Ellie’s bedroom is an intriguing glimpse into her personality. Yes, like any teenager’s room, it’s festooned with posters and pop culture references; but in a nice nod to the end of civilisation twenty years before, the posters and pictures are crumpled and faded. Interestingly though, even by 2003 standards, Ellie’s tastes are a little old-fashioned – a poster for 1987 movie InnerSpace, a classic Sony Walkman (perhaps CDs were less well-equipped than tapes to survive a couple of decades), and tapes of Etta James and a-Ha. The latter’s classic Take On Me features twice; the original version as the delighted Ellie plays on the escalator, and a mournful instrumental as the girls ride the carousel.

The ”four wonders of the mall” were another melancholy glimpse at how things we take for granted would seem like miracles to those who’d never experienced them. That first sight of the mall lit up like Christmas conveys how something so mundane could seem magical in these circumstances, and the girls’ discussion of what people used to think was important (including uncomfortable sexy underwear!) is both touching and profound. Elsewhere, it was fun to watch the girls playing Mortal Kombat II (one of the few games I have played) in the arcade.

Interestingly, we glimpse a long-faded movie poster for something called Dawn of the Wolf Part 2, which features a man and girl who look uncannily like Joel and Ellie – I wonder if this was another easter egg from the game?

But obviously the post-apocalyptic Breakfast Club hijinks have to end eventually, as a lone Infected (that somehow Riley hasn’t encountered despite sleeping there for some time), shambles in to put a stop to the fun. It’s at this point that you realise this is effectively Ellie’s origin story; this is when, and how, she got bitten. Obviously we now know that she’s immune – and the story of her finding out isn’t told here, leaving more to be revealed – but at this point she, quite reasonably, assumes it’s a death sentence. As, presumably, it is for Riley.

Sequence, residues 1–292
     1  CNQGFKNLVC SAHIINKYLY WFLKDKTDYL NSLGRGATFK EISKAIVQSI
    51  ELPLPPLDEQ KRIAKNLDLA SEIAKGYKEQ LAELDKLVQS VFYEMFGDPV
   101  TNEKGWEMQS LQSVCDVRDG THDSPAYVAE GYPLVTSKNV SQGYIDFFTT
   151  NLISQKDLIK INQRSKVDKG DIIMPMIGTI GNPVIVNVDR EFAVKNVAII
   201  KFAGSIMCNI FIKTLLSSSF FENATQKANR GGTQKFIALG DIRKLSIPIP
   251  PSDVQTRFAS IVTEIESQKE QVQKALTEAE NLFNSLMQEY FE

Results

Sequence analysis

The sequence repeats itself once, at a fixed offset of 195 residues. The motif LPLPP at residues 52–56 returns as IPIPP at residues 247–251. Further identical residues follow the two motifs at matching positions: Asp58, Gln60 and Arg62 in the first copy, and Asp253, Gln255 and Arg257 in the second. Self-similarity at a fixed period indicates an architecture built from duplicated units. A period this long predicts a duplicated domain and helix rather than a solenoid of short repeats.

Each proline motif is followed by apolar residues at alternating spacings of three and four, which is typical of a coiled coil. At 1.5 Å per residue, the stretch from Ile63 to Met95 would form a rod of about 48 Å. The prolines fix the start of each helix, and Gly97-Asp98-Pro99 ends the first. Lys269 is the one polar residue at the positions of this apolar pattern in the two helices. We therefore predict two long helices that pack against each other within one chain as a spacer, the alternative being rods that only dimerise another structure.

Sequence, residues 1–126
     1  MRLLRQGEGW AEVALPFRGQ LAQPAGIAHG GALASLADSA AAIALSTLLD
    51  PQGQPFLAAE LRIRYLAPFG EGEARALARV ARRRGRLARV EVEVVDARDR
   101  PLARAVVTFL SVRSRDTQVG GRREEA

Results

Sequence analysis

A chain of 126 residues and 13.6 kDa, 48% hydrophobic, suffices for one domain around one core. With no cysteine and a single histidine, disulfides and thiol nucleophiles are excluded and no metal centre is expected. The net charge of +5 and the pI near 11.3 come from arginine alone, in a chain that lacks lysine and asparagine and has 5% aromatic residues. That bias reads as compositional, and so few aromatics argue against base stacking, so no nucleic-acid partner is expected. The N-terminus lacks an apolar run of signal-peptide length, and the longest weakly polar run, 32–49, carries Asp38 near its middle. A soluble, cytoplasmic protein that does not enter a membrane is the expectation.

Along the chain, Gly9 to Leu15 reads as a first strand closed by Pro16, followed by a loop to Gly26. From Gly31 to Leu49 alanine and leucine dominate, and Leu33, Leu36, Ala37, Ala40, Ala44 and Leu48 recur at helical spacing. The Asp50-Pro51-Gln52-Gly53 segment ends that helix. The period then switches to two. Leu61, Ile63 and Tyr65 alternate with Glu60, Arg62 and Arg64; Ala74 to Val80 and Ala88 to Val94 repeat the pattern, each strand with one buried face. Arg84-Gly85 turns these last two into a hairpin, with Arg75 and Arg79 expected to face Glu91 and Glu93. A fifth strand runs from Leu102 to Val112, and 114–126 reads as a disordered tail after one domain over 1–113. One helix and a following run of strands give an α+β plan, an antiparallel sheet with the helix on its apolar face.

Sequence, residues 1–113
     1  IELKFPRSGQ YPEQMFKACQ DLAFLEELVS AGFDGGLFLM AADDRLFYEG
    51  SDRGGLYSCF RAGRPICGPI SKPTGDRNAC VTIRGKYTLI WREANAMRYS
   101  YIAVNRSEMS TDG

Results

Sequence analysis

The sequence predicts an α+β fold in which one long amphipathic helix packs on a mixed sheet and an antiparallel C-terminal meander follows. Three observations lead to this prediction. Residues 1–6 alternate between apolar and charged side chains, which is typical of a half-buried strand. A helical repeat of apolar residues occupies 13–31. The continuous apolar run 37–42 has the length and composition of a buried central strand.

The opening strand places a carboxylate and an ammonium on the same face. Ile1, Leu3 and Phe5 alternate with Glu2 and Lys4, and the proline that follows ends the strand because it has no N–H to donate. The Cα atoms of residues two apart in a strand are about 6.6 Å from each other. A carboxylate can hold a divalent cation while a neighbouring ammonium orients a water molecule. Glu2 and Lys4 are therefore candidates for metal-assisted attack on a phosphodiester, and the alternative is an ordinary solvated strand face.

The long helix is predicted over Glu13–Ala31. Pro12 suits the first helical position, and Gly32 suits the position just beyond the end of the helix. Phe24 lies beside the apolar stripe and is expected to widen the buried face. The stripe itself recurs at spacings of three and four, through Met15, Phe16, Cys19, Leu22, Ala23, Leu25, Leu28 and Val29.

Their weary discussion of what to do with the little time they have left is again a touching one, but I found myself wondering about something else. Previously, Ellie told Joel that Kansas City wasn’t the first time she’d killed somebody. So was she referring to the Infected she managed to off with her handy knife here, or is there still a trauma to be revealed – like that it was actually her who had to deliver a coup de grace to Riley?

We don’t find out here, but it wouldn’t surprise me if that turns out to be the case in a later episode. Meanwhile, in this one, Ellie’s failure to save Riley (and Sam, and Henry) is obviously her big motivator in her frantic efforts to save Joel’s life. I must admit, I wasn’t entirely convinced that simply stitching up that massive wound we saw last week would do the trick; but I’m guessing it will, as we still have another two eps to go.

That’s right, there’s only two more eps to end the season – and it’s a mark of the show’s maturity that it can take a break from the action a this point for a two-handed character piece flashback. This was an excellent episode, full of joie de vivre and melancholy, that shed light believably on Ellie’s previously only hinted at motivations as a character. Bella Ramsey and Storm Reid carry the ep with considerable aplomb, and the compressed time setting of a few hours in one night is a good contrast to the twenty years of Bill and Frank’s story earlier on. I’m interested to see what the season’s endgame has in store, but I’m also glad it can take time out for episodes like this.